Does this happen to anyone else?

(buying a book you have forgotten that you own is totally normal and acceptable, right?)

Top Ten Tuesday – New Series

TTT

Because Booking Through Thursday often doesn’t post until too late in the day for me (thanks to time differences), I have decided that on Thursdays I’ll either answer a Booking Through Thursday question or a Top Ten Tuesday question (the latter are run on The Broke and The Bookish blog), although I might let myself stop at 5 rather than going all the way to a list of 10! This week’s:

October 21: Top New Series I Want To Start (New..let’s say within the last year or two)

Well. What new series do I want to start?

I can definitely think of some series that I have started in the past and would love to complete or re-read. Anne of Green Gables, the Sue Grafton’s Kinsey Millhone “A is for Alibi” series, Elizabeth Peters’ Amelia Peabody series… in fact:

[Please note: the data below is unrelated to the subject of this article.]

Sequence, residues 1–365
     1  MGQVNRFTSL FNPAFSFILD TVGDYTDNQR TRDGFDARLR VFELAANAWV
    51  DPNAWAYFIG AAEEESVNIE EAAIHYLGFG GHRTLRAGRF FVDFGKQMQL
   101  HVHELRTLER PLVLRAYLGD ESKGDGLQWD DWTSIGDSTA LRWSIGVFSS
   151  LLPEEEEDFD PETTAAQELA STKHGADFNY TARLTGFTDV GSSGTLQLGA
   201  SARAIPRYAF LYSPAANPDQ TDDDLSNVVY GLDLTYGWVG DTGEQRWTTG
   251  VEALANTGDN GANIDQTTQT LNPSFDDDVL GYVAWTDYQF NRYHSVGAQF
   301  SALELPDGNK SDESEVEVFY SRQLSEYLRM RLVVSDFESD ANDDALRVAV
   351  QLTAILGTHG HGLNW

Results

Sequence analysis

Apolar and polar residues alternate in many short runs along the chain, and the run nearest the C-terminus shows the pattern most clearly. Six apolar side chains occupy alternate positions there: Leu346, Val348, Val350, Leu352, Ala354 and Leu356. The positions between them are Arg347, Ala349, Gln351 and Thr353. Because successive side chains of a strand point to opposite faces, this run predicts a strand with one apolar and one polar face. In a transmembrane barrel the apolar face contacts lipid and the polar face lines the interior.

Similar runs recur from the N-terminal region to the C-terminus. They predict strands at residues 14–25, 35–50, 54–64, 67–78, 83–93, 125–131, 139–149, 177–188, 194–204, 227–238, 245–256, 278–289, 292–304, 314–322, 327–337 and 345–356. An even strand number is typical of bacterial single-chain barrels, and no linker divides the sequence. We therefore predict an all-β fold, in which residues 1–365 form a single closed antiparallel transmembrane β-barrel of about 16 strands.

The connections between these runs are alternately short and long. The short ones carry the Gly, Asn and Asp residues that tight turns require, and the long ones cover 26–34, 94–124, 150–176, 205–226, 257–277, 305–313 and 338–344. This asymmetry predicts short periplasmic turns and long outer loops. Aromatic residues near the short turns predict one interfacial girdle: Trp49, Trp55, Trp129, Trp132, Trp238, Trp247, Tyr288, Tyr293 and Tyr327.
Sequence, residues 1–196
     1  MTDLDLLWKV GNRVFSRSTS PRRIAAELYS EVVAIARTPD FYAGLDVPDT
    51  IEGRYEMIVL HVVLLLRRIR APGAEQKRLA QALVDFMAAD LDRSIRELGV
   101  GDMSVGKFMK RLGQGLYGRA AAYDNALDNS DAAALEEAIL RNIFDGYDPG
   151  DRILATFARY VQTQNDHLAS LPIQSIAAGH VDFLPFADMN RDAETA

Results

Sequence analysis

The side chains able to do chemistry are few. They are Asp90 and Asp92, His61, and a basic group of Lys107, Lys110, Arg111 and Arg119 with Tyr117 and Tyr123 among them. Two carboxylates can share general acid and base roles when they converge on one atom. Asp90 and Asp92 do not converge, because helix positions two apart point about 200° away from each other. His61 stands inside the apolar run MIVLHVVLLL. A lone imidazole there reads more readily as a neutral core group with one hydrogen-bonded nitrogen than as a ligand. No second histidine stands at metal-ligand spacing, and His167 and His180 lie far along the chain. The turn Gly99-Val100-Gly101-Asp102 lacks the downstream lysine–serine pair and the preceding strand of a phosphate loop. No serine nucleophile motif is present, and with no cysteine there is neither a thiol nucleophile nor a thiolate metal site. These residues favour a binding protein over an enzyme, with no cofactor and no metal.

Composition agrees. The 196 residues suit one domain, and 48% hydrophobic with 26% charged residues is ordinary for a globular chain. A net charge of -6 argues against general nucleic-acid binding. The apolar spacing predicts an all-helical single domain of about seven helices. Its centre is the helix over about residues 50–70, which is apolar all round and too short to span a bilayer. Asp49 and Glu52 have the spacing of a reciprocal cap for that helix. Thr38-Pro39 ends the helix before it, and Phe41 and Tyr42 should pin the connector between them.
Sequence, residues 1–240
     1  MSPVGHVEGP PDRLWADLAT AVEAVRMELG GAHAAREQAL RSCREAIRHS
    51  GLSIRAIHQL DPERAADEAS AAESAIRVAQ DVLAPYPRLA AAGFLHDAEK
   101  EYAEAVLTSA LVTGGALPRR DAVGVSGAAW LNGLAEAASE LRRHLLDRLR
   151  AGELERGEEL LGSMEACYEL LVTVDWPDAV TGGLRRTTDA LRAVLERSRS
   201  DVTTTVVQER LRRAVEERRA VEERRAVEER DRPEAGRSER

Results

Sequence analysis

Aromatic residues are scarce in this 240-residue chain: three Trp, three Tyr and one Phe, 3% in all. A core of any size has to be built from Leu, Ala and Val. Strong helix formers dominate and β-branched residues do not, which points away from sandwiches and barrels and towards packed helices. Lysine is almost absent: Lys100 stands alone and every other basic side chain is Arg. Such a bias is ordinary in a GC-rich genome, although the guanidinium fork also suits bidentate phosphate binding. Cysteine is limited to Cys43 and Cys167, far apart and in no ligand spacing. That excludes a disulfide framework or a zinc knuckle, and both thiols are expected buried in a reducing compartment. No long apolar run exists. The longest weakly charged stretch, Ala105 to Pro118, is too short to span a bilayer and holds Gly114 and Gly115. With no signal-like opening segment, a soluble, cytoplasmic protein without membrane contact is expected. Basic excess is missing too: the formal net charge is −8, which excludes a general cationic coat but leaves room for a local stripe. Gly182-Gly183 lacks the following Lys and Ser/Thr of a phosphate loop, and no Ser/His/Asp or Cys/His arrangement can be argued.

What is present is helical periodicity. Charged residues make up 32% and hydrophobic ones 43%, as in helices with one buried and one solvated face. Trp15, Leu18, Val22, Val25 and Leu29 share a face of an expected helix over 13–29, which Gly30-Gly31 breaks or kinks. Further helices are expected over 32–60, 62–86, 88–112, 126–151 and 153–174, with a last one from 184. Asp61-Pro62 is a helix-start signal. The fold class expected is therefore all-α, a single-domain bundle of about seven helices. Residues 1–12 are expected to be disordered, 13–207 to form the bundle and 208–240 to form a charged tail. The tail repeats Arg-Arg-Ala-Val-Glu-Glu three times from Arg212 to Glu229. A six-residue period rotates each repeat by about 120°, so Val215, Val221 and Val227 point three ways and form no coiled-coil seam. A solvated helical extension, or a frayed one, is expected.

1. Elizabeth Peters’ Amelia Peabody series. I’ve only read the first one (Crocodile on the Sandbank) so that definitely nearly counts as a new series.

Crocodile on the Sandbank

2. Diana Gabaldon’s Outlander series. I’ve heard so much good stuff about them, how can I resist?

3. Hilary Mantel’s Wolf Hall series (is it a stretch, at two published and one more intended, to call it a series?). I’ve had The Musician’s copy of Wolf Hall for at least 2 if not 3 years now. No excuse that I haven’t read it.

wolf hall

4. Kerry Greenwood’s Phryne Fisher series. I love the TV series, when I get a minute to watch it; I suspect I’d get through the books faster.

phryne

and finally, though perhaps not quite within the next 2 years,

5. The Little Golden Books series – I had some of these as a child and have no doubt I’ll be reading a lot with baby RWT eventually!

Some recent DNFs

I’ve struggled with some books recently and a recognition that I have too many of them means I am abandoning them pretty quickly. I thought I’d make a note here of them.

Torn by Casey Hill. I really enjoyed Taboo, but something in the writing here just irritated me too much.